- back down, fold and turn it and repeat, you will need a dough scraper to prise it off the worktop, and don't add any extra flour, or you will end up with tough bread.
- Once the dough is elastic, add the softened butter and continue to mix for a further 4 – 5 minutes by machine, or 8-10 by hand, scraping down the bowl periodically to
- ensure that the butter is thoroughly incorporated. The dough will be very soft.
- Tip the dough into a large bowl, cover, and refrigerate overnight, this will allow the dough to rise and firm up enough to handle.
- The following day, brush your moulds with melted butter, don't be fooled into thinking that because there is so much butter in the dough it wont stick! Remove the dough from the fridge.
- For 4 inch moulds, you will need to divide the dough into 115g (4oz) balls (approximately 10 or 11 overall), divide these into 100g (3.5oz) for the base and 15g (0.5oz) for the head. Shape the base into a ball and then roll it out on a lightly floured surface into a disc, don't roll it too thin or they may split and ooze chocolate when you bake them. Place about 20g (0.75oz) of chopped chocolate in the centre of the disc, bring the edges up over the top and pinch tightly to seal. Reshape into a ball and place, seam side down in the mould. To make the tête, roll the 15g portion of dough into a ball then pich one side of it to create a carrot or cone shape - fat and rounded at one end and narrow at the other.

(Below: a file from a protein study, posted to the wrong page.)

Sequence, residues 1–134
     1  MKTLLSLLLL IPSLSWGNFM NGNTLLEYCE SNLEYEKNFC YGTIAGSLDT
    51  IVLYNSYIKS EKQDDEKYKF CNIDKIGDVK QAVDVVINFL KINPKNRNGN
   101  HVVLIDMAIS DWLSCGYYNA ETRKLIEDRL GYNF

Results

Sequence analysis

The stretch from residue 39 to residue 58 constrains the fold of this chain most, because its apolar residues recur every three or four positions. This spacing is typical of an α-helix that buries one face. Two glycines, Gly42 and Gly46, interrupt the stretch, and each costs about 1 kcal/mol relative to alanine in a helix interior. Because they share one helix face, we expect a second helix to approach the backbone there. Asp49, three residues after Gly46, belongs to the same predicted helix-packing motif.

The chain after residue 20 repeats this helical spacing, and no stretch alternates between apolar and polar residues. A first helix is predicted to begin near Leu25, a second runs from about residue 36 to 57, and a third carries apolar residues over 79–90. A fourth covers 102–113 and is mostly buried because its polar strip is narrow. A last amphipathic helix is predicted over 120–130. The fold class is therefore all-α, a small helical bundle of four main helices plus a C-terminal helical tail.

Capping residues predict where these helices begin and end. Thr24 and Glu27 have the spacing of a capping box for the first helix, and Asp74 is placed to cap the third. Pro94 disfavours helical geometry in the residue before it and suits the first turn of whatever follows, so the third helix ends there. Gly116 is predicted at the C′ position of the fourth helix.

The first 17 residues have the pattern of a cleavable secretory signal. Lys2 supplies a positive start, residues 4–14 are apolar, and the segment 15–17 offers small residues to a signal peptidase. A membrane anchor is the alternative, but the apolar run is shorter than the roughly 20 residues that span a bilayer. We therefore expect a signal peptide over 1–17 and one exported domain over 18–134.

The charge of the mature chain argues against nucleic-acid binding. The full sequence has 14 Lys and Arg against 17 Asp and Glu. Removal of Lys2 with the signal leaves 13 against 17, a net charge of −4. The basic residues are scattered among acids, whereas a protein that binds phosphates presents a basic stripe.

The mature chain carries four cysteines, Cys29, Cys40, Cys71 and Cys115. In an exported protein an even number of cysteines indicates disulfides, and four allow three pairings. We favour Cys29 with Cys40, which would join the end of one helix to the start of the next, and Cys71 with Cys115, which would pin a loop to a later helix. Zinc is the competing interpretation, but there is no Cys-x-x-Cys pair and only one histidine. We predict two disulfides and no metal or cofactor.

- Press a lightly floured finger into the centre of the base to create a deep impression, don't go all the way to the bottom though. Place the narrow end of the tête into the impression and press gently around the edges to seal it in place. Try and work fairly quickly as as the dough warms up the butter will soften and the dough become sticky. Place the tins on a baking sheet. (If none of that made sense to you there are some step by step photos below.)
- For 2.5 inch moulds, follow the same procedure but use 25g of dough for the base and 5g for the tête, with 5g chopped chocolate in the centre, this will make about 40 (they are very small). For a deep muffin tin, use 65g dough for the base, 10g for the tête and 15g of chocolate.
- Place the baking sheet inside a large clean plastic bag, making sure that it doesn't touch the dough. Leave to rise until almost doubled in size, this will take about 1½ hours for larger ones and 45 minutes for the tiny 2.5in ones.
- Heat the oven to 190°C/375°F/gas mark 5. Gently brush the risen brioche with beaten egg, make sure it doesn't drip down between the dough and the tin or it will make the buns difficult to remove. Bake the brioche for 20 minutes for larger buns, 15 minutes for small ones, until golden brown and the internal temperature registers as 90°C/194°F on a digital thermometer, or a skewer inserted comes out clean (apart from the chocolate).
- Remove from the oven and unmould onto a wire rack, allow to cool a little but serve warm. Brioche rolls are best served fresh but once completely cooled can be stored in an airtight container for up to 3 days. Reheat in a warm oven – 160° to 180° C (325° to 350° F/gas mark 3-4)